Rule 59(e) of the South Carolina Rules of Civil Procedure provides, “A motion to alter or amend the judgment shall be served not later than 10 days after receipt of written notice of the entry of the order.”  This ten-day time limit may not be extended.  See Rule 6(b), SCRCP (“The time for taking any action under Rules 50(b), 52(b), 59, and 60(b) may not be extended except to the extent and under the conditions stated in them.”); Leviner v. Sonoco Prods. Co., 339 S.C. 492, 494, 530 S.E.2d 127, 128 (2000) (“Under Rule 59(e), SCRCP, the trial judge has only ten days from entry of judgment to alter or amend an earlier order on his own initiative absent a ‘reservation’ of jurisdiction in the form order.”); see also Citizens & S. Nat’l Bank of South Carolina v. Easton, 310 S.C. 458, 460, 427 S.E.2d 640, 641 (1993) (holding “trial court was without authority to order a new trial beyond 10 days after entry of judgment, regardless of the pendency of the Rule 50(b) motion”).  

In the instant case, Judge Lockemy issued orders dated February 14, 2003, and April 14, 2003.  Gobbi did not file a motion for reconsideration within the ten-day limit.  Instead, she waited until May 9, 2003, to file a motion to enlarge the time to file the motion for reconsideration.  As evidenced by the above-outlined rules of procedure and case law interpreting the rules, Judge Cottingham lacked jurisdiction to enlarge the time for Gobbi to file a motion for reconsideration.  Therefore, we find Judge Cottingham properly denied Gobbi’s motion and affirmed Judge Lockemy’s orders.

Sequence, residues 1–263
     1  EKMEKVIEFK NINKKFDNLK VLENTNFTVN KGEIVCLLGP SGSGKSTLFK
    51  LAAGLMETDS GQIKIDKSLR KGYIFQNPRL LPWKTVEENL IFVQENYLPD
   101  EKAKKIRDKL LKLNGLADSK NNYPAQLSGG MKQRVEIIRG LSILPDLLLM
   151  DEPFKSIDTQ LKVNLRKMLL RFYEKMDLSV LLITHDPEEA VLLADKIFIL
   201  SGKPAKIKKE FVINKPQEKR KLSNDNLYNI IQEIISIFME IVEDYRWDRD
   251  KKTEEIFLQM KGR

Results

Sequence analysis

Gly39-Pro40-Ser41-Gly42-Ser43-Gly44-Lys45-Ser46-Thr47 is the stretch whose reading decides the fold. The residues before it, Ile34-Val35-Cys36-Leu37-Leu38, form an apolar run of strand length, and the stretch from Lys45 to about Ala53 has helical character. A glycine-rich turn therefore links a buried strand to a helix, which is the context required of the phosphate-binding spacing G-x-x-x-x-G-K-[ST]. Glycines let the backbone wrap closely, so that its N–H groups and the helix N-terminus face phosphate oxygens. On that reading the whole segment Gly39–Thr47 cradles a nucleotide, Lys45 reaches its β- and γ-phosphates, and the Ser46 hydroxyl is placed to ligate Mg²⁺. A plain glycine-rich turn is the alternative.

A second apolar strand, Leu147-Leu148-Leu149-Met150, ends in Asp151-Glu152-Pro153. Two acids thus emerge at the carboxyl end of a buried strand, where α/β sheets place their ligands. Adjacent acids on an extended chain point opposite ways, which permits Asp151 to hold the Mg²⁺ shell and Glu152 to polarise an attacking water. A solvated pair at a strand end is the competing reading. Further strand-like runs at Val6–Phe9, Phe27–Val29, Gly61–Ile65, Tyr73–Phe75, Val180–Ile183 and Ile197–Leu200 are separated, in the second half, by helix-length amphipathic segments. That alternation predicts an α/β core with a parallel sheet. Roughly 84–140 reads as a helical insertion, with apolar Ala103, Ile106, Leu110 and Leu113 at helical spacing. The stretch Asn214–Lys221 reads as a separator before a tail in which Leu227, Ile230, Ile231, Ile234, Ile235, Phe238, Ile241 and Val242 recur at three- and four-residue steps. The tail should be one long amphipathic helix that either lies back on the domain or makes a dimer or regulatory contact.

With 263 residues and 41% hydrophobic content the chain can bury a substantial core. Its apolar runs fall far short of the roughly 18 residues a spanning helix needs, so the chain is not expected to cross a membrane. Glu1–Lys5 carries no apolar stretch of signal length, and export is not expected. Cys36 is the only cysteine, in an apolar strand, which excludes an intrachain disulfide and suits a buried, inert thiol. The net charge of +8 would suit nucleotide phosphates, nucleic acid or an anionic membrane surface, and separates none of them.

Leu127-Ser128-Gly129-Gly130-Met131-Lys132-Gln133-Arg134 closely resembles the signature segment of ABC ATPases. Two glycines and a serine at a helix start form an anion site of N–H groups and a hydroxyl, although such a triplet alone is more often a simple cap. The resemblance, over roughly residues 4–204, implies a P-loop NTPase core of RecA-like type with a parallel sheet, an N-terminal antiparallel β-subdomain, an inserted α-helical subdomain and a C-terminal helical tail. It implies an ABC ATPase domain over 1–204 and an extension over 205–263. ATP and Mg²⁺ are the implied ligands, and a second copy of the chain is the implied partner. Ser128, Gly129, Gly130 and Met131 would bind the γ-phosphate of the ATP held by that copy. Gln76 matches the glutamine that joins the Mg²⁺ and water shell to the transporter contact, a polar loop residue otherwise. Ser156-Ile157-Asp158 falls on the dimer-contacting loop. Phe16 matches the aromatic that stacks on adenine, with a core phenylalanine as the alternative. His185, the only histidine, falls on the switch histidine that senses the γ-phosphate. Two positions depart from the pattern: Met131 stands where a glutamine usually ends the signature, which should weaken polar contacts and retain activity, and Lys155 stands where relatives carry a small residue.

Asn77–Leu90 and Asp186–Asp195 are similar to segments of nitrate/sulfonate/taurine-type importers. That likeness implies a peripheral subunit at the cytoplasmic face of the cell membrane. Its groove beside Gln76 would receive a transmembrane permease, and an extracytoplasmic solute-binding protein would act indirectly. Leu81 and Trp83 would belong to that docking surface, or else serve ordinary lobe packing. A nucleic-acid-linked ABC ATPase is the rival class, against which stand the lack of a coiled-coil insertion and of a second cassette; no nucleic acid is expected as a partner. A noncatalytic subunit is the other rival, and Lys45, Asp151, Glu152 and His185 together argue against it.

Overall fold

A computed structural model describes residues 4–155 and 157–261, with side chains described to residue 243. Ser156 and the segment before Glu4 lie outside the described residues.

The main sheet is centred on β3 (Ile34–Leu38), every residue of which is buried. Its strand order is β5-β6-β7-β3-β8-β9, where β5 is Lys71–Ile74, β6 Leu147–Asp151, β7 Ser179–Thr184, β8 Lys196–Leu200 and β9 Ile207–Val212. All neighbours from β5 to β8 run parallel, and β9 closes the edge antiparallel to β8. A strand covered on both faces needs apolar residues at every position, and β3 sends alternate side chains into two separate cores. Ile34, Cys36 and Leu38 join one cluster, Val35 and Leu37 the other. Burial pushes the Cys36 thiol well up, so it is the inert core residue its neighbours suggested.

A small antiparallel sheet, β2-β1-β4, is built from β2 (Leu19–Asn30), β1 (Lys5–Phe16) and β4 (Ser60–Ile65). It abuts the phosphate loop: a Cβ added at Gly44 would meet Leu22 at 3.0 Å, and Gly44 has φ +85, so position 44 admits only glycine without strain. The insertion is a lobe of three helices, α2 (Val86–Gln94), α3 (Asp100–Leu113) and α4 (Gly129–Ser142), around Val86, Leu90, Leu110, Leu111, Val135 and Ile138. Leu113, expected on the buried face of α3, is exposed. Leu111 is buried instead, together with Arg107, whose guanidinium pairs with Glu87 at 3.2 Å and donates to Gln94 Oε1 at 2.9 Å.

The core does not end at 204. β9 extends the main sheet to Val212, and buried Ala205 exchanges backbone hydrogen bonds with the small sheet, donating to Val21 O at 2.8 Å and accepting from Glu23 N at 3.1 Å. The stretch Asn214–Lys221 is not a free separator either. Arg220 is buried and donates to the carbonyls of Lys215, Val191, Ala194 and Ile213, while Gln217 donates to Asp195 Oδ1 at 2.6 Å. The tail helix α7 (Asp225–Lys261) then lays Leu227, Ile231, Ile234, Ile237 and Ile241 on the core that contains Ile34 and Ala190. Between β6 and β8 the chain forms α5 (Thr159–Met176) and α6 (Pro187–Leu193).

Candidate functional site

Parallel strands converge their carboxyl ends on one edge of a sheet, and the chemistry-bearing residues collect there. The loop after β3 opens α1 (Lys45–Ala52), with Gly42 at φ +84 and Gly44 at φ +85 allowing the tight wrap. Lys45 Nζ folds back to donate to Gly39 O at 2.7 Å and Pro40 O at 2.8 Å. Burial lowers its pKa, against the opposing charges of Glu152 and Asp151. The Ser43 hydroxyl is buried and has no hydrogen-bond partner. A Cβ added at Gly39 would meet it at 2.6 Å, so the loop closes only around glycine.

To the extent that Gobbi argues the ten-day time limit was tolled because Judge Lockemy’s orders were, in her assessment, interlocutory, we find this argument is not preserved for our review.  A review of Gobbi’s Rule 59(e) motion challenging Judge Cottingham’s order reveals that Gobbi did not raise this argument.  Thus, she is raising it for the first time on appeal.  Accordingly, we decline to address this argument.  See Lucas v. Rawl Family Ltd. P’ship, 359 S.C. 505, 511, 598 S.E.2d 712, 715 (2004) (recognizing that in order for an issue to be preserved for appellate review, with few exceptions, it must be raised to and ruled upon by the trial court); see also Hawkins v. Mullins, 359 S.C. 497, 502, 597 S.E.2d 897, 899 (Ct. App. 2004) (noting an issue is not preserved where the trial court does not explicitly rule on an argument and the appellant does not make a Rule 59(e) motion to alter or amend the judgment).

III.

Finally, Gobbi asserts Judge Cottingham’s order should be “deemed a nullity” because she was not given proper notice of what would be considered at the hearing.  We disagree.